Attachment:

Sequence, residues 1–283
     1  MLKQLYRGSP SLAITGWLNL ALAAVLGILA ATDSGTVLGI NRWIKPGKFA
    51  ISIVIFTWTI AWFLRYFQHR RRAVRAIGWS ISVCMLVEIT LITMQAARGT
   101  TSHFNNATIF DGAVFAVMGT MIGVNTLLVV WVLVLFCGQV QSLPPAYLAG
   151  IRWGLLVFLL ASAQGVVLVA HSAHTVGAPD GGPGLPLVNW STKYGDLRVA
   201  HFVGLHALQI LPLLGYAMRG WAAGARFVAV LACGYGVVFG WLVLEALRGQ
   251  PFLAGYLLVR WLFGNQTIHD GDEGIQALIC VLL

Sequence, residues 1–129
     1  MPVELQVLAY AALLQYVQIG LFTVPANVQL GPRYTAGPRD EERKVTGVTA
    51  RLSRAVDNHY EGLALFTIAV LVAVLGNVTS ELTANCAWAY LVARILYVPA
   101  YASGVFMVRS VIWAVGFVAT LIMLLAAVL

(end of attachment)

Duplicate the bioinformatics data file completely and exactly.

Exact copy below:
Sequence, residues 1–283
     1  MLKQLYRGSP SLAITGWLNL ALAAVLGILA ATDSGTVLGI NRWIKPGKFA
    51  ISIVIFTWTI AWFLRYFQHR RRAVRAIGWS ISVCMLVEIT LITMQAARGT
   101  TSHFNNATIF DGAVFAVMGT MIGVNTLLVV WVLVLFCGQV QSLPPAYLAG
   151  IRWGLLVFLL ASAQGVVLVA HSAHTVGAPD GGPGLPLVNW STKYGDLRVA
   201  HFVGLHALQI LPLLGYAMRG WAAGARFVAV LACGYGVVFG WLVLEALRGQ
   251  PFLAGYLLVR WLFGNQTIHD GDEGIQALIC VLL

Sequence, residues 1–129
     1  MPVELQVLAY AALLQYVQIG LFTVPANVQL GPRYTAGPRD EERKVTGVTA
    51  RLSRAVDNHY EGLALFTIAV LVAVLGNVTS ELTANCAWAY LVARILYVPA
   101  YASGVFMVRS VIWAVGFVAT LIMLLAAVL